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Offensive Jokes Becoming Criminal? Count Dankula's Conviction

The recent conviction of Mark Meechan, otherwise known as Count Dankula, for uploading a controversial video on YouTube sets a worrying precedent for freedom of expression. Of most concern is the fact that context is given only a secondary role when considering whether a joke is grossly offensive.

12:00, 20th April 2018
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The Digital Future: How the New Electronic Communication Code Impacts Landowners

The government is aiming to enhance the UK's digital capacity. As part of this, it has introduced new rules that regulate interactions between landowners and telecommunications operators. These rules are more favourable to operators, which might actually undermine the success of government's plans.

12:00, 17th April 2018
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In a Similar Vein? A Comparative Analysis of Organ Donation Systems

The Organ Donation (Deemed Consent) Bill 2017-19 proposes a 'soft opt-out' system involving a rebuttable presumption of consent to organ donation. An examination of organ donations in several foreign jurisdictions sets out a number of lessons that the UK must learn when implementing this system.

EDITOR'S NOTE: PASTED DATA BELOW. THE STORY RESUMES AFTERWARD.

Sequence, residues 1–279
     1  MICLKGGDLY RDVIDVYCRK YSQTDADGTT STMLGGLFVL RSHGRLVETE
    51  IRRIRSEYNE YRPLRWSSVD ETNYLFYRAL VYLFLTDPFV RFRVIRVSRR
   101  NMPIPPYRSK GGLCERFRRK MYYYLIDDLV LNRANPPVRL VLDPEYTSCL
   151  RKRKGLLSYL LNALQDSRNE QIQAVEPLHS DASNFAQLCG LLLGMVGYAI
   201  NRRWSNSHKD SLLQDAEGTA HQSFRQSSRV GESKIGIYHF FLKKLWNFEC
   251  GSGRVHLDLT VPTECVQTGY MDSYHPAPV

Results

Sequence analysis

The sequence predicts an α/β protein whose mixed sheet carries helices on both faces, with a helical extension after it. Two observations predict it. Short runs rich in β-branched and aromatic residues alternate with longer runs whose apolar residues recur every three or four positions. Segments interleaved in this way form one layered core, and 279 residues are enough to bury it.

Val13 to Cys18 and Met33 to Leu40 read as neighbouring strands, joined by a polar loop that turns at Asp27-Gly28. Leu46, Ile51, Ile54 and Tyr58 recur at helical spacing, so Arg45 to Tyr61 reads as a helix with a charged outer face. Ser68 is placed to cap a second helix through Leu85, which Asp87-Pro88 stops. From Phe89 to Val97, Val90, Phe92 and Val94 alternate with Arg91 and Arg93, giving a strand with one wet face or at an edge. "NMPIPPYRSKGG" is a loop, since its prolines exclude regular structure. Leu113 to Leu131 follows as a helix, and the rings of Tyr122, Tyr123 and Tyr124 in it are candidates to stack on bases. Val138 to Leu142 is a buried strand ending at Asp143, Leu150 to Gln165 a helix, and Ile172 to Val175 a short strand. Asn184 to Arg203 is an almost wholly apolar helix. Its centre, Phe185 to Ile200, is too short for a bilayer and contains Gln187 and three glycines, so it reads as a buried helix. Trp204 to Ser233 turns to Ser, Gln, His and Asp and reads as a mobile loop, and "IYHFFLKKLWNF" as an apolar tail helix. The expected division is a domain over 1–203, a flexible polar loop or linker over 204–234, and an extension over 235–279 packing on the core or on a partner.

12:00, 13th April 2018
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Crossing the Line in Sport: Is Cheating Always Wrong?

The distinction between "gamemanship" and "cheating" in sport is often discussed. In theory, it sets out the line that athletes should not cross. However, an examination of a number of sporting controversies casts serious doubt on the importance of that distinction; other factors are at play.

12:00, 10th April 2018
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Corporate Liability to Third Parties: Where We Were and Where We Are

Common law doctrines and the idea of companies having separate legal personality resulted in harsh consequences for third parties to commercial contracts. Therefore, the Companies Act 2006 represented a welcome mass overhaul of the previous unsatisfactory law.